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In the recent Christopher Nolan's related DC Films the lesser know title is selected as movie name. Such as Dark Knight to Batman and Man of Steel to Superman.

Is there any specific reason for it or its just to keep it separate from the previous films of Superman and Batman?

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up vote 7 down vote accepted


Director Zack Snyder had a marketing campaign arranged with the National Gaurd to promote their "Soldier of Steel" recruitment program.

You can visit the website for the program here.

The marketing program was a join effort that allowed the produces of "Man of Steel" additional exposure for the film. I'm not sure if the name of the film pre-existed the campaign, but it's clear that the two are connected. I don't think the title "Superman" would have offered as much flexibility with the campaign.


Wikipedia states this about the title.

On July 31, 2006, Warner Bros. officially announced initiation of production for the sequel to Batman Begins titled The Dark Knight; it is the first live-action Batman film without the word "Batman" in its title, which Bale noted as signaling that "this take on Batman of mine and Chris' is very different from any of the others."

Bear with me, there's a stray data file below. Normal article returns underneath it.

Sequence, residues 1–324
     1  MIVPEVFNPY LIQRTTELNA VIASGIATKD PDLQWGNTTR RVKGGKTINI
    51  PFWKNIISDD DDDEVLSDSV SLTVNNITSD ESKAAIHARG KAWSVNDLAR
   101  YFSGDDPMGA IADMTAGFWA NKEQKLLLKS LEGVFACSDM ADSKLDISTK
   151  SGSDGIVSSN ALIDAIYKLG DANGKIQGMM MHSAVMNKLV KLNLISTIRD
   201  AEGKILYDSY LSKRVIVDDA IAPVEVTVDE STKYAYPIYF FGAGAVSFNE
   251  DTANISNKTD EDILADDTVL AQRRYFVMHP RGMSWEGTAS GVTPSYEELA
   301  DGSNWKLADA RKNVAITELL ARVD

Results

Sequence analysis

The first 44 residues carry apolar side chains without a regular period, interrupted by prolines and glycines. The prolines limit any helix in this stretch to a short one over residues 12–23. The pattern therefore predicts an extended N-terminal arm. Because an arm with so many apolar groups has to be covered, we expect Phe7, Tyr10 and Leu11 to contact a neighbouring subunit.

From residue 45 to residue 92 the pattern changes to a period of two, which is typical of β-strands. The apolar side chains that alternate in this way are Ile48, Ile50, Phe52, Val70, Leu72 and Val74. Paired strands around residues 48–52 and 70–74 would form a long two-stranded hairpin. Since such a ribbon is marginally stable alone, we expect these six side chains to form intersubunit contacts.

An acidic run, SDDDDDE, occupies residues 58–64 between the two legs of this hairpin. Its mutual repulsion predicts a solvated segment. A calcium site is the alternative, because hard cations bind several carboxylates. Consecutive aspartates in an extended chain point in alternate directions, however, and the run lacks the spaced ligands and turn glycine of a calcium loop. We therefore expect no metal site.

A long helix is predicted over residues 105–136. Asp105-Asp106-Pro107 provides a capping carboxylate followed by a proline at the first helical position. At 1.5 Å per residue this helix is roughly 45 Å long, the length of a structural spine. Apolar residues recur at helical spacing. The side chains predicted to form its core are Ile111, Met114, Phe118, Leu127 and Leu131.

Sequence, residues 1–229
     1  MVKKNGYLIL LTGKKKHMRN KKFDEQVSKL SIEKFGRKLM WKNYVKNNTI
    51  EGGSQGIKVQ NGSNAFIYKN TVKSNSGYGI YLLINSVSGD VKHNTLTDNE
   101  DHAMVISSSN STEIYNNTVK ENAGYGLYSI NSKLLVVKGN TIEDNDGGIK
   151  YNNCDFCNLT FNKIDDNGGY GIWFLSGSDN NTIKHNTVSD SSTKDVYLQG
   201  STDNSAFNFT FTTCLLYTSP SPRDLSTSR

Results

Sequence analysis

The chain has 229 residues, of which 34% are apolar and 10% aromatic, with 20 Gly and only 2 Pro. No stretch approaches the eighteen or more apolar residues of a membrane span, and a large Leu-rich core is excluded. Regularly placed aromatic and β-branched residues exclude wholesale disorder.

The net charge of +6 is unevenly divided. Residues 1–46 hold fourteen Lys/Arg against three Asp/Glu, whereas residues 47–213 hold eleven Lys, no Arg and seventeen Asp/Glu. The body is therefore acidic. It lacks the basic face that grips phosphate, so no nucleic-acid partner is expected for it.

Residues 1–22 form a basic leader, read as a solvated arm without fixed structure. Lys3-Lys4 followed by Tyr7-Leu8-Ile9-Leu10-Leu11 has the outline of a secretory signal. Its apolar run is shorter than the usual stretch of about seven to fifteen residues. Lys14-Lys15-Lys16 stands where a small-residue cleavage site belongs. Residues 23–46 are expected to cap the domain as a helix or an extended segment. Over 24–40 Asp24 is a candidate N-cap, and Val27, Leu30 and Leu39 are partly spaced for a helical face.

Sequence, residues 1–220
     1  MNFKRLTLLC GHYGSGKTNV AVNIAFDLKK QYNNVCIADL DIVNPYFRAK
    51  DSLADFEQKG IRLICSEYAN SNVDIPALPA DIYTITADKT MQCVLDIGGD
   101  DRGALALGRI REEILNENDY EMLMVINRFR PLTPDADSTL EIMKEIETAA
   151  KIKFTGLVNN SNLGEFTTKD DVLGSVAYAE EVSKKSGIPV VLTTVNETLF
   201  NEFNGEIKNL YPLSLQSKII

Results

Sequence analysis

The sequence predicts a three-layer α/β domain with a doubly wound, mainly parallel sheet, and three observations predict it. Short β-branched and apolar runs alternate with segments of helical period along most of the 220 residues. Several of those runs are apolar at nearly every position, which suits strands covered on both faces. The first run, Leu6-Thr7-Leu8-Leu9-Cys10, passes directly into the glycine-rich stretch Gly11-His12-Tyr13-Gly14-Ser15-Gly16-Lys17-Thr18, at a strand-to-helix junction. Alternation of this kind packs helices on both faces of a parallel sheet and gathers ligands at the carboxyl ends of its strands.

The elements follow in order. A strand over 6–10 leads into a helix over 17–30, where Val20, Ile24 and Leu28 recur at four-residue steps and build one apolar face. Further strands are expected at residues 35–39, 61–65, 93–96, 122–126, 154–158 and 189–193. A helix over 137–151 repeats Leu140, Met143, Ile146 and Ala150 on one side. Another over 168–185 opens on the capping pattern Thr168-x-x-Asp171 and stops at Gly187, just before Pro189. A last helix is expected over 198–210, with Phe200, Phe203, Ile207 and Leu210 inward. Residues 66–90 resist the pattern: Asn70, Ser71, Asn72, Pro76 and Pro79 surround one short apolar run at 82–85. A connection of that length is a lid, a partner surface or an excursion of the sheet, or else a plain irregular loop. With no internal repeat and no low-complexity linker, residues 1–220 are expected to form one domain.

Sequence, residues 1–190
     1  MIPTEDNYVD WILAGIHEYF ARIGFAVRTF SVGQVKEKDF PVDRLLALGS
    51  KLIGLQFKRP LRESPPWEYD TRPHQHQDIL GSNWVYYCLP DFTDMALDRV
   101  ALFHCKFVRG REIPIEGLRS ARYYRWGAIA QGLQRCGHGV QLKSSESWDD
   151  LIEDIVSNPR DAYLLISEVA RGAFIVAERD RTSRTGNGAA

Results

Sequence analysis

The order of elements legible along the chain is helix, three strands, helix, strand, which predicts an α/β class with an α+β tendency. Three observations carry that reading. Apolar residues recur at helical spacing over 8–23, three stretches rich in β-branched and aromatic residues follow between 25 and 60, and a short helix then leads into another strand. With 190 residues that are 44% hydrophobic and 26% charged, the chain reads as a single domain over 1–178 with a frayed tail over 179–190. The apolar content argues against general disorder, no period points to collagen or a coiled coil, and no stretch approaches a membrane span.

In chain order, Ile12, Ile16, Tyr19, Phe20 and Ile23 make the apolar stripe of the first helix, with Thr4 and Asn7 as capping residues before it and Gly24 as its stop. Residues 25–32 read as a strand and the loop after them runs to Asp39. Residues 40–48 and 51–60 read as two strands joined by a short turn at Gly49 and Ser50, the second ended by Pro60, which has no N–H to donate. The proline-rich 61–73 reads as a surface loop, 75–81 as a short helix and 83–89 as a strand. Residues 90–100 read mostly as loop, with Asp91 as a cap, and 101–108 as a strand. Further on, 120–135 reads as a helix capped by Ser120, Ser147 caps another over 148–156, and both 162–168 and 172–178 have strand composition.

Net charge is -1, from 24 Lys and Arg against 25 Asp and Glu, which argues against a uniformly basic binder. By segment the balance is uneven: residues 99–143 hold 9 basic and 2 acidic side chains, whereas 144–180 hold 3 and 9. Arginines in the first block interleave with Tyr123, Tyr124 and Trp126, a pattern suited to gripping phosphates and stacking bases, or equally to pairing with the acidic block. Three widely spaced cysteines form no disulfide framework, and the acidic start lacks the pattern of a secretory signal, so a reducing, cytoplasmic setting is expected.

He simply wanted to differentiate his work from that of others.

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+1, The batman part is good but the superman part doesn't answering. – Ankit Sharma Jul 16 '13 at 7:31
The first part sounds completely unrelated. It's rather that the Soldier of Steel was named after the Man of Steel and not the other way around. And likewise it's equally unlikely that Man of Steel was just chosen for the ability to facilitate a good name for the campaign. – Napoleon Wilson Sep 4 '13 at 23:08

I'd just say it is to seem like something fresh, a new take on an established role and thus using their lesser known (yet still common and recognizable by experts) nicknames rather than their original names, which have been used to great lengths already. Who wants to see yet another Superman or Batman movie nowadays?

Instead Man of Steel or Dark Knight sounds like something different and I think that is quite related to their reboot character, since both movies rather present a completely new take on those stories (Ok, Dark Knight was the sequel to Batman Begins, but so what) rather than continuing the old ones and thus being just another Batman Continues or Superman VI (forgive me for possibly getting those numbers wrong, see what I mean ;)). This is just related to nowadays' popular reboot method of taking a common and established figure and reinventing it (likewise the new Spider-Man is not fourth in line, he's Amazing).

(And it may also be related to the general fact that maybe nowadays filmmakers are more confident of using more metaphorical titles over straight-to-the-point titles than in the past, maybe because we're finally running short of titles? (but this is absolutely unprooved and mere subjective opinion) ;))

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